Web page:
Before the cold comes, where are the best pandemic patios?
Deserved or not, North End restaurateurs get mountains of credit for the radical idea of freeing up more outdoor dining opportunities to weather the pandemic. Sometimes, city officials share the props, since they’re essentially extending lifelines by the grace of generous zoning and licensing blessings, neither of which is common in Boston. Considering that Mass is a blue state wrapped in red tape down to its core municipal layers, perhaps some appreciation is in order. Still, there’s also a lot of fresh air action underway beyond the Hub that is worth noting, and that’s where you come in.
Even restaurants and bars that can chug along under these circumstances face significant municipal and spatial restrictions, and we want to know about the best practices that you have seen. You can tell us all about the horrible experiences as well, like the server in the yellow nuclear onesie from Back to the Future, but our aim isn’t to shame. Tangent to the Silver Dining Playbook project spearheaded by service worker and insider writer Haley Hamilton, we hope to fertilize the garden of solutions and ideas tooled to lift and protect the devastated industry.
First up, patios—and parking lots, sidewalks, alleyways, and any other crevice or configuration where people are eating these days. In Inman Square, spots stretching for a block and a half have comfortably annexed all of the smooth westbound asphalt, making for a cozy curbside garden feel. In Quincy Center, classic standby The Fours secured an enormous new outdoor oasis that almost—almost—fills the gap left by the temporary closure of its iconic and casual three-sided bar.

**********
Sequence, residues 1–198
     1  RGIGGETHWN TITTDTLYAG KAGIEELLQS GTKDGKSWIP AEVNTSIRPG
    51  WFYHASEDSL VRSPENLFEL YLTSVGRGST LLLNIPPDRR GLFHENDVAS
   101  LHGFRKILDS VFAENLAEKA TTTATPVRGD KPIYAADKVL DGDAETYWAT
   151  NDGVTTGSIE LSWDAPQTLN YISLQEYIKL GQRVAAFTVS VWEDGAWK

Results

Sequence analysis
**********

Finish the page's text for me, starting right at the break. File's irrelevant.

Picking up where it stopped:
Now, your turn …
Do you have a favorite local restaurant that built a relaxing and safe open-air snug? What are they doing right? Can it be replicated?
You get the gist. Please email any tips to email@example.com with “Outdoor Dining” in the subject line.
BONUS: We are also in the process of visiting joints in the reopening gray area—the kind of bars that Mass Gov. Charlie Baker accused of selling bags of potato chips and masquerading as restaurants so they can also serve drinks. If you know of any places that fit the description, please email us at the above address in private.